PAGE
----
A Journal of the Disasters in Affghanistan, 1841-2

A Journal of the Disasters in Affghanistan, 1841-2

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Dubbed the soldier's wife par excellence by The Times, Florentia Sale was one of the most remarkable figures of the First Afghan War. The wife of Brigadier (Later Major-General Sir) Robert Sale, who was to die in the first Sikh War at Mudki in 1845, she had remained in Kabul with her daughter and son-in-law whilst her husband defended Jalalabad. She was forced to join the disastrous retreat from Kabul in January 1842, when she was twice wounded, and taken into captivity with a number of others by Akbar Khan. Her Journal covers the events in Kabul and the retreat as well as her nine month's captivity and eventual rescue.

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Dubbed the soldier's wife par excellence by The Times, Florentia Sale was one of the most remarkable figures of the First Afghan War. The wife of Brigadier (Later Major-General Sir) Robert Sale, who was to die in the first Sikh War at Mudki in 1845, she had remained in Kabul with her daughter and son-in-law whilst her husband defended Jalalabad. She was forced to join the disastrous retreat from Kabul in January 1842, when she was twice wounded, and taken into captivity with a number of others by Akbar Khan. Her Journal covers the events in Kabul and the retreat as well as her nine month's captivity and eventual rescue.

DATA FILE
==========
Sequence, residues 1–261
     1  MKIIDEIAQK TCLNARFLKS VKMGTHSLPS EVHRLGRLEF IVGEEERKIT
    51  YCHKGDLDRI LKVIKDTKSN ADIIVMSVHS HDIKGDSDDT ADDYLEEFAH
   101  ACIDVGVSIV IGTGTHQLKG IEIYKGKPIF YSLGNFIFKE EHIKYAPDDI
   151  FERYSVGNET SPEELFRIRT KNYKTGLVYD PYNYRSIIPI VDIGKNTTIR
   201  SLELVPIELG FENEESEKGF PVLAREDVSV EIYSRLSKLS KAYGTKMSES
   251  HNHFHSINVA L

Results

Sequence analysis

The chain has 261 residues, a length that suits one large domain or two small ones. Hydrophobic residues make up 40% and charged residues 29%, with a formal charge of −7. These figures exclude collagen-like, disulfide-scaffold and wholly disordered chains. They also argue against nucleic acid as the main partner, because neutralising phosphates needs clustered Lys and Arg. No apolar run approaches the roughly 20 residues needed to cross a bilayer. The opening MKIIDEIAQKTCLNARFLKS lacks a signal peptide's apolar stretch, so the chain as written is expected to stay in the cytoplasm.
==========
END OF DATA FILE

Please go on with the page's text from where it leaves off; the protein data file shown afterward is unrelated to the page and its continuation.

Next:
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Florentia Sale (née Wynch )was an Englishwoman who traveled the world while married to her husband, Sir Robert Henry Sale, a British army officer. She was dubbed "the Grenadier in Petticoats" for her travels with the army, which took her to regions such as Mauritius, Burma, and India, and various other areas under the control of the British Empire. During the First Anglo-Afghan War, Lady Sale, along with other women and children, as well as soldiers, were taken prisoner in 1842 during the British Army retreat from Kabul and detained for nine months. Throughout her time as a captive, Lady Sale kept a diary, detailing the events of the ordeal in a very straightforward and thoughtful manner. She sent parts of her diary through her captivity to her husband and he sent it on to the authorities in England and it was quoted by the papers at the time. She was unimpressed by how the newspapers had reported her actions. A year later, she published this as A Journal of the Disasters in Afghanistan, 1841–42, which documented her experiences throughout the Afghan War, and the book received critical acclaim. During her time in Afghanistan, Lady Sale collected some ancient coins and donated 20 of them to the British Museum. One of the coins is on display today.

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